Many of our clients believe that because they have refused to take a Blood Alcohol Test during the time of their DUI arrest, there will not be enough evidence to find them guilty of a DUI. This, however, is not true. A person may be found guilty of a DUI based on the arresting officer’s observations and any statements made by the driver.
When a person has been charged with a criminal offense, they have the option to accept a plea bargain made by the prosecutor. A plea bargain is an offer for the person being tried to plead guilty for a charge and in exchange receive a lower penalty. If a plea bargain is taken, the person charged will plead guilty to a charge before the criminal Judge and will be given a lowered sentence. If the charged person does not accept the plea bargain, further negotiations may be made. If there is no agreement, the case proceeds to trial.
Lets say David has been charged with a DUI where he has refused to take any BACstest. Officer’s observed him as slurring, smelling of alcohol and weaving in and out of lanes. David believe that because he refused to take the BAC they will have no proof as to his intoxication and the case will be dismissed. Prosecutors offer David a plea bargain. They explain to him that if he pleads to a misdemeanor DUI, they will drop any enhanced penalties because of the refusal, and give him the lower end of the legislative penalty for Driving while intoxicated in California. If David takes the offer, he will go before a Criminal Judge and plead guilty to a DUI, be sentenced and his case is closed. However, if David decided he absolutely believes he is innocent, or that there is not enough evidence to find him guilty, he will proceed to trial.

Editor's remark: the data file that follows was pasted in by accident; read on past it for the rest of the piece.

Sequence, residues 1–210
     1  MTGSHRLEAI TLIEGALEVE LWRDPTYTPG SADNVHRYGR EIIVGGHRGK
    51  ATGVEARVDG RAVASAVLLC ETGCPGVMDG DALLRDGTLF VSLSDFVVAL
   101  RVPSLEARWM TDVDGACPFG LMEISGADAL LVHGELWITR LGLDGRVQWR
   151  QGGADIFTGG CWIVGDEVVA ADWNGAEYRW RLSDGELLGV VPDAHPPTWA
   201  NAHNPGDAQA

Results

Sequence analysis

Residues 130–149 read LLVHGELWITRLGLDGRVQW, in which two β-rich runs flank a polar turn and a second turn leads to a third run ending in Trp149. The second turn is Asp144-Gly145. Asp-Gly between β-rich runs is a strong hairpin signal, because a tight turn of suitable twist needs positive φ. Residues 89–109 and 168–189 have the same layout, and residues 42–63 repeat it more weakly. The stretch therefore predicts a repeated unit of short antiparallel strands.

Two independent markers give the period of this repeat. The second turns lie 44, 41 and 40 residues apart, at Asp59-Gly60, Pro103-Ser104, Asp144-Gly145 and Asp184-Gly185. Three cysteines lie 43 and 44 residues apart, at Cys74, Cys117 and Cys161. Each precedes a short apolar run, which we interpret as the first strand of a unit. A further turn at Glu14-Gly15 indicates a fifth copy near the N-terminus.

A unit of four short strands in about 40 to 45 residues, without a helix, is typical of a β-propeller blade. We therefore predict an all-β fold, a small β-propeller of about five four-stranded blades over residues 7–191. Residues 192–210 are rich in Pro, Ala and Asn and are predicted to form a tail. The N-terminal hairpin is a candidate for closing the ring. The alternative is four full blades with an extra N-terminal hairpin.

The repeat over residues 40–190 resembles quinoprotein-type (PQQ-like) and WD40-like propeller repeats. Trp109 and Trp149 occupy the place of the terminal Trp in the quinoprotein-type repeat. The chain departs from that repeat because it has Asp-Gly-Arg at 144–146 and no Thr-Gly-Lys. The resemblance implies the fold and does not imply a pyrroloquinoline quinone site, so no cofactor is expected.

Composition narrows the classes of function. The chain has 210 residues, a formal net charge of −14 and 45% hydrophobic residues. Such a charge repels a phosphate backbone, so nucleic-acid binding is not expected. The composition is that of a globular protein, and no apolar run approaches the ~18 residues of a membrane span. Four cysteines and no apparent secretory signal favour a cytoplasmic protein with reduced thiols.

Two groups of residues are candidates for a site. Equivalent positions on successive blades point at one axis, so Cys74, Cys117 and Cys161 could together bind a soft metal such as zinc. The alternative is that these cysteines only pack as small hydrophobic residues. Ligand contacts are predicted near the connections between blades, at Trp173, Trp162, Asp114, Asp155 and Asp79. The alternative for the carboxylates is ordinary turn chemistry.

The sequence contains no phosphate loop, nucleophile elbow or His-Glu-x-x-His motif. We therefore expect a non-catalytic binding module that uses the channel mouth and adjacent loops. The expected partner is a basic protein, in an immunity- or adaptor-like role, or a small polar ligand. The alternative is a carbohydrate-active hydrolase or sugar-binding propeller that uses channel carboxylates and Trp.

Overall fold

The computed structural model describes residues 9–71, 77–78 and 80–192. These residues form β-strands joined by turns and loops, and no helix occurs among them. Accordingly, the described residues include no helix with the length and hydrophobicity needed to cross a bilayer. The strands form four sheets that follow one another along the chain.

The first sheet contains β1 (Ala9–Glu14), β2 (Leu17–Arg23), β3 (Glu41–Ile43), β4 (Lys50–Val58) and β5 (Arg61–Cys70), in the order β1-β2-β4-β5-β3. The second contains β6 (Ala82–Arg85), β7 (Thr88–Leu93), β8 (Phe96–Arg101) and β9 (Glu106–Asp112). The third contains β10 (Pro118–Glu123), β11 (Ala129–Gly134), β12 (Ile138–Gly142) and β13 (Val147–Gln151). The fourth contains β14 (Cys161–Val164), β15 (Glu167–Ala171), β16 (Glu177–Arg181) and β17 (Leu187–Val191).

The mistake many people make in a DUI case is that they believe there is not enough evidence to find them guilty of a DUI when they have refused to take a BAC test. Consequently, they do not take a plea bargain and opt to go to trial instead so that the court can make a finding.sWhen there is a trial for a DUI in which the driver has refused to take a BAC test, the jury receives special instructions when determining a verdict. You can use the refusal as an admission of guilt if the person refused to submit for a BAC test after they were given an admonishment of rights. This assumption may only be used if it was given AFTER the admonishment of rights were read and if they were read properly so that the person understood which rights they were giving up.
Due to the fact that there is an assumption of guilt associated with a refusal in trial, it is in the best interest of a person who is charged with a DUI to retain an experienced San Diego DUI attorney. A knowledgeable DUI specialist will be able to provide a thorough analysis of the facts and determine which course of action and possible defenses will be best for the outcome of the case.